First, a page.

Health care isn't a luxury -- Maui needs a second hospital
I AM a certified neonatal nurse with more than 10 years of experience in a Level 3 neonatal intensive care in Detroit. I have written a book on neonatal skin, and did neonatal transport. I am an inventor of neonatal products and equipment. I currently work in the well-baby nursery at Maui Memorial Medical Center.
I moved to Maui to start a neonatal intensive care unit. After visiting here and learning of the desperate need of our island for quality advanced medical care, I wanted to help. I was thrilled to meet Dr. Ron Kwon, a Harvard graduate, who had already done much of the work in getting Malulani Health and Medical Center, a new, state-of-the-art teaching hospital, off the ground.
I also was excited with his partnership with Triad Hospitals Inc.. We could have our hospital free -- no tax money involved. In fact, Malulani will pay taxes. What a wonderful gift for the people of Maui!
I come from a world of competitive health care. The hospitals in the Detroit area work together. There is room for all of them. Due to the competition between the hospitals, they have all improved for the benefit of the patient. Competition is a good thing. It keeps everyone on their toes and results in high-quality health care. We on Maui deserve high-quality care, too.
We had our first certificate-of-need meeting on July 7, and the residents of this island spoke loud and clear for Malulani. Malulani passed that CON.
We had our second CON on Oahu last Thursday. The review panel turned us down because they think we cannot staff the hospital. I have a drawer full of resumes from doctors, nurses and other health professionals from all over the world, just from hearing about us through the medical grapevine -- no advertising.
I must question two things about the Oahu panel's decision:
» Why does the CON panel care about the staffing of Malulani? It does not affect anyone but Malulani. If Malulani cannot get staff, it loses -- not the state taxpayers, not the residents of Maui.
» You do not staff a hospital before it is even built. There is no sense in bothering doctors and nurses and recruiting them to a hospital that does not as yet exist.
So what is their agenda? MMMC's proposed cardiac center is passing with little review. The state wants to spend your tax money -- including that of the residents of Oahu -- on a cardiac unit that is not even funded. Malulani is trying to build one free -- no tax dollars at work. The governor said we cannot afford to build this cardiac wing. But Triad says if Malulani cannot come up with its portion of the money for the new hospital, Triad is prepared to pay all of it.
I do not understand: One free, state-of-the-art hospital with complete infrastructure with a cardiac center, or pay millions of our tax dollars for a cardiac unit that will be added onto a 54-year-old, crumbling facility that does not even have a proper emergency room or any other of the infrastructure capable of supporting it.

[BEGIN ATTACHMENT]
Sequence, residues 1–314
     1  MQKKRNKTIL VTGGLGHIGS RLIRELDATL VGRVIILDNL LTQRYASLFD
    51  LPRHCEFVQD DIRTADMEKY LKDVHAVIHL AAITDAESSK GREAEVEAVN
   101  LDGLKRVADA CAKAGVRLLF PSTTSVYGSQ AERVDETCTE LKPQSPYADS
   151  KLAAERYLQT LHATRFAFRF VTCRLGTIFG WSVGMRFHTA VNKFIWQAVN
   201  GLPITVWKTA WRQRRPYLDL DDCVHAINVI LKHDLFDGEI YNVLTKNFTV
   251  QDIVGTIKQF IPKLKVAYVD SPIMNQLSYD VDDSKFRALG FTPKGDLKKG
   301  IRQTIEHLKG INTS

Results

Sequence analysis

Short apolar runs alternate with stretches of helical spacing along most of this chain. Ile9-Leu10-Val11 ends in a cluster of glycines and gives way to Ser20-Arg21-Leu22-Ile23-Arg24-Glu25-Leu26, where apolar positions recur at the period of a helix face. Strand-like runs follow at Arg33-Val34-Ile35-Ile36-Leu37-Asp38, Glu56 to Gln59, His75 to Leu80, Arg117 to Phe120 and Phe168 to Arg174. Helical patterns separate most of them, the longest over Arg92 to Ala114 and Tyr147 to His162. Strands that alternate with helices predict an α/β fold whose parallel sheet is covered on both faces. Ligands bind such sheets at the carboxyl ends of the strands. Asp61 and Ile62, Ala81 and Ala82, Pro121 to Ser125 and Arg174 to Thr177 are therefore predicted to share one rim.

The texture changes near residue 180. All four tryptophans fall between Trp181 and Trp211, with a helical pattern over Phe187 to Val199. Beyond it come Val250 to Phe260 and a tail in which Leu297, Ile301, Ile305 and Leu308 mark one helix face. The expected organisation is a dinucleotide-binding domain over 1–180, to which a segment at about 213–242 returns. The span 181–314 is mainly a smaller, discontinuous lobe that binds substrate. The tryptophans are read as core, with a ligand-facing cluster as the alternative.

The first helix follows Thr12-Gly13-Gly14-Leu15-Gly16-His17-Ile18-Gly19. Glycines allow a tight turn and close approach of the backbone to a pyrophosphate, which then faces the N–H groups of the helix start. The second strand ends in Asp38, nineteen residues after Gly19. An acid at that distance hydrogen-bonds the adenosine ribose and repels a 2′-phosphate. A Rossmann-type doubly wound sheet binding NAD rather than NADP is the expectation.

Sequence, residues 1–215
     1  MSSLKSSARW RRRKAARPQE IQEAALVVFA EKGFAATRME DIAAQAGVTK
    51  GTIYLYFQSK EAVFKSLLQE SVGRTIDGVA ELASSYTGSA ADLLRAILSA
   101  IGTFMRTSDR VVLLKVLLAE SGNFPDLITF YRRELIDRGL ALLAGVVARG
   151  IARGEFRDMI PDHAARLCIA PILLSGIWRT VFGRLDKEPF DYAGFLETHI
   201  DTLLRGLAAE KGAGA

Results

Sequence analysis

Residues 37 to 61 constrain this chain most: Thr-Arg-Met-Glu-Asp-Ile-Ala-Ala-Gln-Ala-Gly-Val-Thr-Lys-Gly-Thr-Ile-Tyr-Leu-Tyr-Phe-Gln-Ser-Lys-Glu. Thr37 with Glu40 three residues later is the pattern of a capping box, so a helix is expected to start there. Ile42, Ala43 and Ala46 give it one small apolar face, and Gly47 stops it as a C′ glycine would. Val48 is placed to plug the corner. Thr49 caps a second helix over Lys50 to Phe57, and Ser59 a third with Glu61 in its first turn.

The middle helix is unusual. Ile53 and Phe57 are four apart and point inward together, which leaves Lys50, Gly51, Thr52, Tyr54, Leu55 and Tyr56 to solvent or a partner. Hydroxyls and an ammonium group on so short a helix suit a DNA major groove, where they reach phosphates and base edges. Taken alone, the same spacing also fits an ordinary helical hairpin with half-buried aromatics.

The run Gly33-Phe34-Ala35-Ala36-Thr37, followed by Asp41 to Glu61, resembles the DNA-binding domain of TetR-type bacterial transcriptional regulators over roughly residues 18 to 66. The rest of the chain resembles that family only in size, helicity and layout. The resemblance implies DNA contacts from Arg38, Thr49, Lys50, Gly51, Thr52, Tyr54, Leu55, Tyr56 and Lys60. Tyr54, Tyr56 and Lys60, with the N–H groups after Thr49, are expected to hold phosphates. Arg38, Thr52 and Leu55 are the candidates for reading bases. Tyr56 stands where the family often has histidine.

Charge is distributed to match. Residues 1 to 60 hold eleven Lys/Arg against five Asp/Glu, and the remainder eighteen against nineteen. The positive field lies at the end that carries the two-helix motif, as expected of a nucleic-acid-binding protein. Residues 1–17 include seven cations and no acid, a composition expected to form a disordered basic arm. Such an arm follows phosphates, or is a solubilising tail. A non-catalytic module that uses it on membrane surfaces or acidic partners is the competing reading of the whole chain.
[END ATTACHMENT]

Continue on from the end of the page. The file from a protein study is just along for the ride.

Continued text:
Cardiac care starts in the emergency room, and MMMC's ER is currently very overextended. We cannot get the products and equipment we need to provide our current services, our facilities are literally falling apart, and MMMC wants to expand with your tax dollars, Oahu. How cost-effective is this? We do not even have a blood bank here on Maui!
I am dismayed at the level of care available to us on Maui. We have access only to the simplest medical care. One in eight patients must fly to Oahu for health care. How cost-effective is this? The financial burden this places on residents of Maui is huge. The financial burden of one family going to Oahu to be with their sick baby for 10 days is $3,500. This is before any medical transport bills are paid by us, the taxpayers. We could take care of 90 percent of the sick and premature newborns right here on Maui.
Do we care only about the finances of the hospitals and the state, and not about the Maui residents' financial needs? There is no continuity of care on Maui. Patients see a doctor on Oahu whom they do not know with facilities and staff they are unfamiliar with.
Please help me take care of the preemies born on this island. We have no facilities for preemies or sick babies at all, yet 12.8 percent of the babies born here are premature. We have two neonatal intensive care nurses and no working neonatologist. This affects the outcome of our babies. They will not do as well as babies born on Oahu who get immediate expert care. Shipping our babies to Oahu is dangerous. Moving premature or sick infants around could cause their death. They need to be moved as little as possible. They are not supposed to be out in the real world at all yet.
We have one government-run hospital; Oahu has 13 great hospitals. Share the wealth. It is a sad day for me when I see health care driven solely by profits. Please show us on Maui that compassion is a concern in this state.
Janice M. Shields, a certified neonatal nurse, works at Maui Memorial Medical Center. She lives in Pukalani, Maui.